Why Contractors Need a Written Policy for Construction Project Documentation

Why Contractors Need a Written Policy for Construction Project Documentation

Why Contractors Need a Written Policy for Construction Project Documentation

 

Construction project documentation can be a bit of a hassle especially if something goes wrong. You have to find all of the documents related to the project, which are hopefully in one place. This takes away from other important areas of your business and could possibly be expensive. It’s times like these that it becomes clear how important a written policy for project documentation really is. To avoid this, it’s important to craft a written policy for project documentation.

 

What is a Written Policy for Construction Project Documentation

Projects come with lots of paperwork. You have the project estimates and bids, emails, purchase orders, and payroll to name a few. All of the papers produced by the project have to be stored somewhere for quick reference in case you need them. These are what project documentation management aims to help control. So project documentation management is a set of rules and practices relating to how your business creates, distributes, and stores various types of documents related to the project.

 

Having a standard for project documentation helps your business in a variety of ways. For starters, it gives you standard formats and templates for different documents you regularly produce. But it also helps with document retrieval. If you need something on one project, most likely your rules require it to be in the project folder. This set of standards simplifies some of the paperwork your business has to produce.

 

What Documents to Include in Construction Project Documentation

When you’re writing your construction project documentation policy you should also specify the scope of project documentation. The scope is what should count as a project document and what is a noncritical project document. Critical project documents are those that relate directly to the project. For example, emails or messages between people on the project about the project, meeting minutes, daily reports, calendars, photos, submittals, accounting, etc. Noncritical project documentation is your personal emails and messages, things that are usually not related to the project.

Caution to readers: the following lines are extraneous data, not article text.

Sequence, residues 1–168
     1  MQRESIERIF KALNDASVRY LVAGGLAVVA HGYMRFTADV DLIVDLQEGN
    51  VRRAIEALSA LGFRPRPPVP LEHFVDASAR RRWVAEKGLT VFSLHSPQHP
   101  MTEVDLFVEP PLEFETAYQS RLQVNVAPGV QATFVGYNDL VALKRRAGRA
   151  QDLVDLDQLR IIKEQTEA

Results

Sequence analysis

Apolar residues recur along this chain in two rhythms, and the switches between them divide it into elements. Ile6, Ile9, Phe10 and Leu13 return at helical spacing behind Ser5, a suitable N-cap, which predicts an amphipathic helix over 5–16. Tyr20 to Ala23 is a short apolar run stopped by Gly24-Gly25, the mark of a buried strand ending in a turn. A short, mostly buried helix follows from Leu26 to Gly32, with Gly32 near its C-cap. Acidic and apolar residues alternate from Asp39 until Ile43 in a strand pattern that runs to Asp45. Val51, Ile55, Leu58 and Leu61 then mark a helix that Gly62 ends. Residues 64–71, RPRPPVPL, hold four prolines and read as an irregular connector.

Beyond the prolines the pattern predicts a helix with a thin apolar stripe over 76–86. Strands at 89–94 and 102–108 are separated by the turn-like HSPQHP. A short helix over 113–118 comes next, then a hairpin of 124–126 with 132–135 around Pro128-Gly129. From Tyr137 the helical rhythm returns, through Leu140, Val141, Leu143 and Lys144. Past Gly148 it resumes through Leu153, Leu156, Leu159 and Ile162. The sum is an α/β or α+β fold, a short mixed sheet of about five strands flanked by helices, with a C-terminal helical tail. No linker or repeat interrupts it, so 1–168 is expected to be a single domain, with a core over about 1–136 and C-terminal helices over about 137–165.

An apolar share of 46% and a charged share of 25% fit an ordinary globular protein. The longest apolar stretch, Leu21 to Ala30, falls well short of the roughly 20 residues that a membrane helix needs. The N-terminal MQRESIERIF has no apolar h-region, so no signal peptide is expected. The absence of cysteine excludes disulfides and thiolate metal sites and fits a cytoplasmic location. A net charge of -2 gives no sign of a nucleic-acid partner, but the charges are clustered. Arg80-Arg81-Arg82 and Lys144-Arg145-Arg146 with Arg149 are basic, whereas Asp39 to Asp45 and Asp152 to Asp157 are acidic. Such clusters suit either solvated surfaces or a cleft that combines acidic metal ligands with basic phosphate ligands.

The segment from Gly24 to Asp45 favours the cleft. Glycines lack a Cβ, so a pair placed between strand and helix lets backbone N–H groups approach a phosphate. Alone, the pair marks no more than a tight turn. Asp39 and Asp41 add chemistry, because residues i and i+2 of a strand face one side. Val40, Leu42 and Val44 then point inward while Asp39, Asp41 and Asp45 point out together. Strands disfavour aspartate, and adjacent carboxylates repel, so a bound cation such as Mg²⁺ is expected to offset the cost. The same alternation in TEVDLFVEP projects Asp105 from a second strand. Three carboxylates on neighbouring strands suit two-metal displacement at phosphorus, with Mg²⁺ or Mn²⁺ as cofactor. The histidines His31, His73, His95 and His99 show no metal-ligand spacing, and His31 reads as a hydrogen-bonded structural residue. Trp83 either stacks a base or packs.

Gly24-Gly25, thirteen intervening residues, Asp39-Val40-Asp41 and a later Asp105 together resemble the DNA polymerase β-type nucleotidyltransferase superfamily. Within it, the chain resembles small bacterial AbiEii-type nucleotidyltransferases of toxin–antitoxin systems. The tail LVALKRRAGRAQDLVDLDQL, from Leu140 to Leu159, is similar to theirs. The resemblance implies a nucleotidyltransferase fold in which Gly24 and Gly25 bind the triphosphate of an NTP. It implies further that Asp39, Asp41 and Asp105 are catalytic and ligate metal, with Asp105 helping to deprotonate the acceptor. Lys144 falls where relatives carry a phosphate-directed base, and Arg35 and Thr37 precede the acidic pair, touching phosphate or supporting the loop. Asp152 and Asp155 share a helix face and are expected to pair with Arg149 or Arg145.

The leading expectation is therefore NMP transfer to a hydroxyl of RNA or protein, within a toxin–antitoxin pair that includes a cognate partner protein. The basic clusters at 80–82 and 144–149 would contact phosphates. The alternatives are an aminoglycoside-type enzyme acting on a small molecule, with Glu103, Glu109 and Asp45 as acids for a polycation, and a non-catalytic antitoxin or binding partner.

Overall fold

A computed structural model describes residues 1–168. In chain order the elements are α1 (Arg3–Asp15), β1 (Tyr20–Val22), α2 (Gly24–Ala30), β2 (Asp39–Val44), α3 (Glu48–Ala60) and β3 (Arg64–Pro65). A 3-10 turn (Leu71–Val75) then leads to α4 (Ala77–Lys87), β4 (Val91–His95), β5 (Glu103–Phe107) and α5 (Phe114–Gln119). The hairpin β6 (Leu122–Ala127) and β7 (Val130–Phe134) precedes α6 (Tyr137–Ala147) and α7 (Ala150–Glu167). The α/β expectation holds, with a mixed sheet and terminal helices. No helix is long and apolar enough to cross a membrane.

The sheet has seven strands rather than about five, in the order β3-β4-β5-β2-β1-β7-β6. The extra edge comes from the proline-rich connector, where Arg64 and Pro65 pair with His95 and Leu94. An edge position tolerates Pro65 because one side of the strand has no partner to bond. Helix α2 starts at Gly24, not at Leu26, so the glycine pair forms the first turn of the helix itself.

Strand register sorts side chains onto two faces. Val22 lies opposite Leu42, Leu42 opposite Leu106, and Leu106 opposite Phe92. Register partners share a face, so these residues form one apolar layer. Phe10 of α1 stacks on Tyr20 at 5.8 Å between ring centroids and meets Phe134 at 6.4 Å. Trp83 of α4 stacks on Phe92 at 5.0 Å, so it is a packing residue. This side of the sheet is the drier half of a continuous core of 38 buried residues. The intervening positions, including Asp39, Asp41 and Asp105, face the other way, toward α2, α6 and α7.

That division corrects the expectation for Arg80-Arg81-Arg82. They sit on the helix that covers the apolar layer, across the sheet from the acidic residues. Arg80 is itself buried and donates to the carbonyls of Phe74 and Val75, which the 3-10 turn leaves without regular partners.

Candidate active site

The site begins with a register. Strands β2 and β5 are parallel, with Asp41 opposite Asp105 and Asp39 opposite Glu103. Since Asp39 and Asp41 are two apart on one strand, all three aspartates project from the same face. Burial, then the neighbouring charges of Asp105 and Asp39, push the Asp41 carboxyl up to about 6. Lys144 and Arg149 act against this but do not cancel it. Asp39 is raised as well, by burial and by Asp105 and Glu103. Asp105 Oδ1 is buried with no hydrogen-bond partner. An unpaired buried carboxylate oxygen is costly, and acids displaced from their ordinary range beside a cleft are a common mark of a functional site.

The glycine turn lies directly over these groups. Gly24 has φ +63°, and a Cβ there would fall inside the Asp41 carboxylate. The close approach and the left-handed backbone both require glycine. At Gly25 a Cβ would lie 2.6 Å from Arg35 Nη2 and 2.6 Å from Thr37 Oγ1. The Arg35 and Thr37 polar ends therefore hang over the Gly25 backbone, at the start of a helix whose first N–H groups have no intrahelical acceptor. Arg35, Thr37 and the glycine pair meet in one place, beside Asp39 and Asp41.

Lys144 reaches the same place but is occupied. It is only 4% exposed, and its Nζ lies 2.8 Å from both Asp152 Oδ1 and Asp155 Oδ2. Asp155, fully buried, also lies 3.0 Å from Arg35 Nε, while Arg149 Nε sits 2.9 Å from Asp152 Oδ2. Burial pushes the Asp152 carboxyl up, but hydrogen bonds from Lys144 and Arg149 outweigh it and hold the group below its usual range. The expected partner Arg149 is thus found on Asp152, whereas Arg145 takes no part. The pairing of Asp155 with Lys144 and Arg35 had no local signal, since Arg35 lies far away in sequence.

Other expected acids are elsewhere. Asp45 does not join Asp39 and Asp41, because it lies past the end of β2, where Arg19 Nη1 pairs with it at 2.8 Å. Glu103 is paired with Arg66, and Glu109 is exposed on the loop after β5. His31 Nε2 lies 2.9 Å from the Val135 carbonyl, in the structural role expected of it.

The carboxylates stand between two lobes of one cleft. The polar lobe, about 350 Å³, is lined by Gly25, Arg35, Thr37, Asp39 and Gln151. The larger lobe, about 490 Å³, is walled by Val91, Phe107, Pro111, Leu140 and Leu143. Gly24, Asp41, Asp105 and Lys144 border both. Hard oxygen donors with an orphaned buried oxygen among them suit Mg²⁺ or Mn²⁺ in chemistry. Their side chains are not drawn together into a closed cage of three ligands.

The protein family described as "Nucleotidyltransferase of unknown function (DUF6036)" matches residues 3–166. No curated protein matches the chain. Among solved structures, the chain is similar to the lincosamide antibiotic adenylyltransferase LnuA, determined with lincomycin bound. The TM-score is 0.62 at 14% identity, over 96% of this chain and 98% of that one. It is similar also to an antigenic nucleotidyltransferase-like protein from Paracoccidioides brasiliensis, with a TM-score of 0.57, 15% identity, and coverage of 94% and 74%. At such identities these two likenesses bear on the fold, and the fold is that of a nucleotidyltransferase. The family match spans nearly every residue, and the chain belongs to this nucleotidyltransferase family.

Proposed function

All of the critical documents listed are common documents that make sense. They clearly apply to the project. And the majority of the time they are all that is needed for project documentation. However, if faced with litigation noncritical project documents might become part of the scope.

 

What to Include in the Written Policy

A written policy has to specify how to produce those documents, the standard of the documents, and how to store the documents. But that’s not all that should be included in a written policy. It’s important to also set up guidelines and standards for personal use of company email, and the language used in email. It’s also important to take into consideration who should be creating the documents, and who needs access to them. Limiting access to creating, changing or viewing documents could be helpful for your policy. By having these standards in place you help your business in case of litigation.

Document Control

How to Document

After you’ve drawn up your policy, it is a good idea to look at how the projects are stored. Many businesses still use paper documents primarily, which means that all documents have to be carefully stored. It also leaves the information subject to the elements and human error. If some documents are digital, it is important to consider how they’re stored. Keeping projects in specific folders in the cloud or on a server can keep all your documents there for you. However, you have to create specific directories and folders to store everything, and you have to pay for more space. And you have to remind your employees to save and store their correspondence.

 

There are also software options to help manage construction project documentation. Some project management or scheduling software comes with a way to keep documents related to the project in one place and it’s own unlimited cloud space. By using a software or computer based solution, you are saving yourself space and time. You won’t have to go digging around a filing cabinet in order to find a document, you will have access to them at the tips of your fingers.

 

Conclusion

Crafting a written policy for construction project documentation and consistently using it will help your business. It sets up how you want to store and create documents which helps when you need to find a document or if faced with litigation. Using software or computer solutions to project document storage helps you find necessary documents and keeps them safe. Proper and consistent project documentation will benefit your business not just now but in the future.

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